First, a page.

WOW! John had actually done it! A mix of admiration and fear came over us, was John brave or just plain nuts?? We all stood there petrified in the moment and suddenly with a loud hiss the bus doors sprung open and out of the opening leapt the bus driver, young and wiry with carrot top hair and a face beat red with anger. As one voice the three of us yelled "RUN!!" and we turned and ran for our young lives back the way we had come from school.
Just before you get to Clancy's Variety is an arcade lane with a shoemaker and an appliance repair store and we all darted down the arcade in the hopes of eluding our pursuer in the field out behind the shops. This was not your typical, old, overweight bus driver, he was hot on our heels and he had longer legs as well; we had mortal terror on our side so it was almost an even match. Down the arcade we bolted with Dougy in the lead, me next and John in the rear (I think that John was so in shock at his act and it took him a little longer to hightail it when the bus driver had jumped out of the bus). We had almost made it to the field and relative safety when the bus driver overtook John and caught him by the hood of his snow jacket, hauling him up off his feet and down onto the pavement with a sick thud. John wailed at the impact with the cement and then the bus driver hauled him up with one hand and flung him against the brick wall, where he proceeded to smack John silly. Dougy and I turned back and pleaded with the bus driver from a distance to let John go before he killed him. I guess the rage that had taken hold of the bus driver had started to fade because he turned John around and gave him a swift kick in the pants that sent John tumbling down the stairs at the end of the arcade where he landed at our feet. The bus driver yelled at us for a bit and then stomped back up the arcade to his bus. Whew!, what a relief that guy was gone. Dougy and I helped John to his feet and help him wipe the blood off his face where the bus driver had smacked him around, a snotty hankerchief appeared from somewhere to wipe away the tears and the snot that was coming out of John's nose and soon we continued our trek home but not so happily anymore.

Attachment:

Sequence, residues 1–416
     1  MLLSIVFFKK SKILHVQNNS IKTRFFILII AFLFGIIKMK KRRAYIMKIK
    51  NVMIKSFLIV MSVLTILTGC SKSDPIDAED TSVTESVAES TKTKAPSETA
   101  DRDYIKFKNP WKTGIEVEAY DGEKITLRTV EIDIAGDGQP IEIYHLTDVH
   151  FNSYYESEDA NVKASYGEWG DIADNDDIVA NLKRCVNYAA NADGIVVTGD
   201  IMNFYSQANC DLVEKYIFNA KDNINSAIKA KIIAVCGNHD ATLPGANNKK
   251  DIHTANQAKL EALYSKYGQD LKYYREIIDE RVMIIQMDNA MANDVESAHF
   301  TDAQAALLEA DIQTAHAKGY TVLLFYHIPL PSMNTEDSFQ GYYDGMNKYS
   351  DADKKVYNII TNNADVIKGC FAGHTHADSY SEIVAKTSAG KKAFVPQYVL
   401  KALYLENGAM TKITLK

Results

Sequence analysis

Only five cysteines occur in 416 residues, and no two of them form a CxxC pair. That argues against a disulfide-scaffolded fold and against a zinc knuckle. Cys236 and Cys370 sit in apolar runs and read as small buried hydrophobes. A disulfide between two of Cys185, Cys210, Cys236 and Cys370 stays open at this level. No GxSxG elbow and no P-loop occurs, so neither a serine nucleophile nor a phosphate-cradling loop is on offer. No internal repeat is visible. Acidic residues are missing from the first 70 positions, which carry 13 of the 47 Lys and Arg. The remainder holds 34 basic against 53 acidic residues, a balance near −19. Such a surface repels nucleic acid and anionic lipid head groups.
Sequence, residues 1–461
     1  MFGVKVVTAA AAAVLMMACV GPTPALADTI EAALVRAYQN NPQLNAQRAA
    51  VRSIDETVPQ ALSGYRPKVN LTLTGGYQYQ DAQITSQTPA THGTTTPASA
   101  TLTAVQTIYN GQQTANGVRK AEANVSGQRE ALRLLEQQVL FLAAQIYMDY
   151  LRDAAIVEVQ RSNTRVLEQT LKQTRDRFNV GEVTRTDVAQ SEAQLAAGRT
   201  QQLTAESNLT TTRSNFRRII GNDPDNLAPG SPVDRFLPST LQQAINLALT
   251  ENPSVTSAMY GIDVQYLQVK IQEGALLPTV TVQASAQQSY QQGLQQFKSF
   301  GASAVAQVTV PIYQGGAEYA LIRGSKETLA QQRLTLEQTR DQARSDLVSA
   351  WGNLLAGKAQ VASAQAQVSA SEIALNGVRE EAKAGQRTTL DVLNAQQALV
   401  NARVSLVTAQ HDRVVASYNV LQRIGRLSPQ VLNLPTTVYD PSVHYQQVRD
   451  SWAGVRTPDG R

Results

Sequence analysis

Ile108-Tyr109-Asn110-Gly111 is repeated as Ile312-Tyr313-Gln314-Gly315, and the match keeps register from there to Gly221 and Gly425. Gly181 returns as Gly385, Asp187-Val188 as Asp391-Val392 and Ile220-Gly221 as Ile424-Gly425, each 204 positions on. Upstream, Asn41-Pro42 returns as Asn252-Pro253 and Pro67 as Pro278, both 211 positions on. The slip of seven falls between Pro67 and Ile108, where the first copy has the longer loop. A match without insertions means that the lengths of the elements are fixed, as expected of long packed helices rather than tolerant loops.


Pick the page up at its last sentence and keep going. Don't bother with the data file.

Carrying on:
By the time we had covered the few more blocks home to my house and John had cleaned himself up in our bathroom and changed into a spare set of my clothes from his wet ones, our spirits began to brighten again. John had been pretty roughed up and it was agreed that he deserved it (but maybe not that much) and with the resilence of kids that age we grabbed our sleds and headed to Rock Hill.

Edited 3 time(s). Last edit at 12/07/2009 01:46PM by Wayne in BC.

Boy.... you try that disciplining of a kid today, and the swat team will be all over you...
Posted by: Mikie
Date: December 07, 2009 08:04PM
Personally, I feel that few of these types of treatments to some of the kids will cure an awful lot of problems though.. :):

fair winds


"There's no present like the time"

"A dog is better than me, for she has love and does not judge"

"Sometimes the things that may or may not be true are the things a man needs to believe in the most; That people are basically good; that honor, courage, and virtue mean everything; that power and money, money and power mean nothing; that good always triumphs over evil; and I want you to remember this, that love... true love never dies. You remember that. Doesn't matter if it's true or not. You see, a man should believe in those things, because those are the things worth believing in"